Nigeria’s space program and why it’s important

Perhaps the most ambitious goal: putting the first African astronaut in space by 2030

(CNN) – When you think about space exploration, Cape Canaveral and the international space station probably come to mind.

Here’s another place to add to that list: Nigeria. That’s right. Nigeria has a space program. The national space research and development agency.

CNN Reporter Eleni Giokos said, “Many people are very shocked to hear that Nigeria has a space agency.”

Director S.O. Mohamed explained, “The space program in Nigeria has always been focused on how to bring practical solutions to Nigerian’s problems. We are not part of the race for the moon, we’re not part the race for mars. What we need to look at is using the space program to look at how we can create typical Nigerian solutions to most of our problems.

Giokos asked, “What are the problems that you’re experiencing at the moment?”

Mohamed responded with, “Our satellite images will afford us opportunities of looking at every nooks and cranny of this country. What amount of growth are coming to the cities, where exactly are the best soils for rice cultivation, and how do we contribute to the issues of the global warming? All these are part of why a space program is necessary in Nigeria.

It might seem surprising that Nigeria, a country with spotty electricity, a 70% poverty rate, a life expectancy of 53 would fund a space program. Even Nigerians who work there have a hard time believing it.

Giokos asked, “Were you surprised that there was a space agency in Nigeria?”

Scientist: “I was initially. When I tell my friends where I work, they say oh we have that agency?”

The agency has eight locations, including the center for satellite technology and development in capital city, Abuja. Its sprawling campus is home to a ground station, a conference center, even a museum. The laboratories look more like high school science classrooms, but the agency has put five satellites in orbit since 2003.

Those satellites were not built or launched on Nigerian soil. That’s the next goal. In 2018 we’ll be able to build a satellite from our facility here in Nigeria. //in 2030 we hope to have a facility to launch satellite on Nigerian territory.

Why not keep outsourcing the heavy lifting to places like Russia and China – that have launched Nigeria’s previous earth observation and communications satellites. An engineer who worked on those designs of previous satellites say it’s about national pride.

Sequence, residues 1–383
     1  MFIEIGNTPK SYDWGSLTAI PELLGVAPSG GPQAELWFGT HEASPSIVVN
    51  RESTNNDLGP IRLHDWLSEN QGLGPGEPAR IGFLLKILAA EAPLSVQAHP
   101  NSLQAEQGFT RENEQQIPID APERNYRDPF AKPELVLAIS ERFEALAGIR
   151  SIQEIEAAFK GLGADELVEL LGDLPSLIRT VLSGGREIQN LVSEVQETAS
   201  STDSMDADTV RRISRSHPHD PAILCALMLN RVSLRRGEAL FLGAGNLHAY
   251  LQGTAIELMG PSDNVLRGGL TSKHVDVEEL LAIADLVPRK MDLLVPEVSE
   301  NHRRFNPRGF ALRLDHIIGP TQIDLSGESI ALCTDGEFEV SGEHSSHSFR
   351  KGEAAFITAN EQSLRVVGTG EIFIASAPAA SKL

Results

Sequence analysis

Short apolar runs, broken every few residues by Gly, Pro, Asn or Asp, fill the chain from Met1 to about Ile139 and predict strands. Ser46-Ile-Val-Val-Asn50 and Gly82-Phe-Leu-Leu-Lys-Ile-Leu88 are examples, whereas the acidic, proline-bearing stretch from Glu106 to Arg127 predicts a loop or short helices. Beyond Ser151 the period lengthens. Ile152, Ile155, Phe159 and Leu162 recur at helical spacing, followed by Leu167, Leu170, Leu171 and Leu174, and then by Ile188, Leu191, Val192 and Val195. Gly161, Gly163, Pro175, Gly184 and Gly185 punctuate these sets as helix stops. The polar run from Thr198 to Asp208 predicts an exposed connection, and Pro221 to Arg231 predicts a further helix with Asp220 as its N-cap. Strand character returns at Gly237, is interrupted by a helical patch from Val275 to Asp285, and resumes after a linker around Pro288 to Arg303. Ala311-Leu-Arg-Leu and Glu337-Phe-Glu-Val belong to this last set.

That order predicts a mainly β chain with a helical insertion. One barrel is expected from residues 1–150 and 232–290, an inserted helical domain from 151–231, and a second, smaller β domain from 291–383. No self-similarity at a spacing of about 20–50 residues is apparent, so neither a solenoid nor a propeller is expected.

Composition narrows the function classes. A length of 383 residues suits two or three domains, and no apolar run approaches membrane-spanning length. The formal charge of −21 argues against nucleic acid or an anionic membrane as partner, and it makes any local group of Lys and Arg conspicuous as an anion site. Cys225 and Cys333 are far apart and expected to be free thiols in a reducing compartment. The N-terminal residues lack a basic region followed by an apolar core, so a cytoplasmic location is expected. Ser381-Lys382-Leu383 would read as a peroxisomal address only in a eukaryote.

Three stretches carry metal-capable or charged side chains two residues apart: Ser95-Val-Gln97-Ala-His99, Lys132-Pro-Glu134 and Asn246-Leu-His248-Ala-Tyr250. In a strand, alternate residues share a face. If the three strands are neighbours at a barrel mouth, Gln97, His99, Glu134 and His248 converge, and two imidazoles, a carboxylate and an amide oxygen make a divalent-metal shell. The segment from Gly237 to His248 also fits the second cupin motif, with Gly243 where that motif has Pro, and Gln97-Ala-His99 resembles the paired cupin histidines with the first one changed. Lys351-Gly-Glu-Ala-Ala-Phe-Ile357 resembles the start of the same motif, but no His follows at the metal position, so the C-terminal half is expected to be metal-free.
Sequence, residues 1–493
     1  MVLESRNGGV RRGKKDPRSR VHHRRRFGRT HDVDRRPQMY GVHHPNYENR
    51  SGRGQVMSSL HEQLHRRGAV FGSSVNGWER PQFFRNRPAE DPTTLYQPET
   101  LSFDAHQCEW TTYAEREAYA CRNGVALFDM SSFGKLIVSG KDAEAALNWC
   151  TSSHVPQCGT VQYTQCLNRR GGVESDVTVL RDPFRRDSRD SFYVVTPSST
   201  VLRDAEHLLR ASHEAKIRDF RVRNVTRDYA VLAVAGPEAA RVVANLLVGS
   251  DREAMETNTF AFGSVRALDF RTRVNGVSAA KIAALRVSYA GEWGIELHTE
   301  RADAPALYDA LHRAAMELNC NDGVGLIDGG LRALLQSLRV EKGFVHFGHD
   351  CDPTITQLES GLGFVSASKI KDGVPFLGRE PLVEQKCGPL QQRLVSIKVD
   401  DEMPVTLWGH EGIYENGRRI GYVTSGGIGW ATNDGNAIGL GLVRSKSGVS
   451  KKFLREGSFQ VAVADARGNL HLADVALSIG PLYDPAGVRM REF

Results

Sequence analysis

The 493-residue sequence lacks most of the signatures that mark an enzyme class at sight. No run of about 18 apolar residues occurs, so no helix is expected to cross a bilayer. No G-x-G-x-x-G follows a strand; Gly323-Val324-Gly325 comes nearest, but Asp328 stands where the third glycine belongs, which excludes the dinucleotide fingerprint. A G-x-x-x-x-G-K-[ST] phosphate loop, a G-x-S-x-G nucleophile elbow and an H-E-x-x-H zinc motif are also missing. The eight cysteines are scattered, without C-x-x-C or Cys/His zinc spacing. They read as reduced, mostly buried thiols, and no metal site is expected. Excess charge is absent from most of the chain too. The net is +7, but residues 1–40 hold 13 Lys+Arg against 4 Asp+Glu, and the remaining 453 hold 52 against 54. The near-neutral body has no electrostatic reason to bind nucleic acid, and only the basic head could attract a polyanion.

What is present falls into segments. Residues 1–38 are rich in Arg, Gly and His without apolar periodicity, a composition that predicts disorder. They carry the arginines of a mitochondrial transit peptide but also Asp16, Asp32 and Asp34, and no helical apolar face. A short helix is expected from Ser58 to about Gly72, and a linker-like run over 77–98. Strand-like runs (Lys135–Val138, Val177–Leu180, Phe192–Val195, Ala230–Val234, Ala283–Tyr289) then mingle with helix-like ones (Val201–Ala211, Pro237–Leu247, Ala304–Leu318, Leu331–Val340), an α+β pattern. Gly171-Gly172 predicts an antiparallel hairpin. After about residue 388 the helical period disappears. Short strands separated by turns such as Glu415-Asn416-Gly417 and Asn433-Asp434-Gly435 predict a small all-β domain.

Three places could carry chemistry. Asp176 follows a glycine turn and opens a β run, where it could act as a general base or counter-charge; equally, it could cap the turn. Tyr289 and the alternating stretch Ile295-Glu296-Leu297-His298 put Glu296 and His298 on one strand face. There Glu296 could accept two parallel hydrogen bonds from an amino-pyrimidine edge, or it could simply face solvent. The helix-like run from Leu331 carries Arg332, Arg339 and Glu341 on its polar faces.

Giokos: “What’s so special about a Nigerian satellite?”

Engineer 1: we should be able to translate what we’ve seen abroad here in Nigeria so we can have our own satellite that we’ll be proud of.

Perhaps the most ambitious goal: putting the first African astronaut in space by 2030.

Engineer 2: putting a man in space is one thing everybody tends to appreciate and its one goal that everybody wishes to actualize, and my country Nigeria cannot be left out.

The space agency is also using their satellites to look for developing tools to fight terrorist group Boko haram in the north, almost 300 school girls kidnapped in 2014 by Boko haram and all these plans, of course, will take a lot of money.

For this year, Nigeria allocated about $20 million to the space agency. The director says, more money is always needed.

Giokos: “This year you need 30 million? Why should government be spending that money on the space agency and not pumping it into other sectors that are in dire need of funding?”

This is the same question always asked in the U.S. why waste money on NASA budget for satellite is also budget for agriculture. Budget for satellite is also budget for environment. Money to the space agency $30 million, is it a waste? To me it is not.

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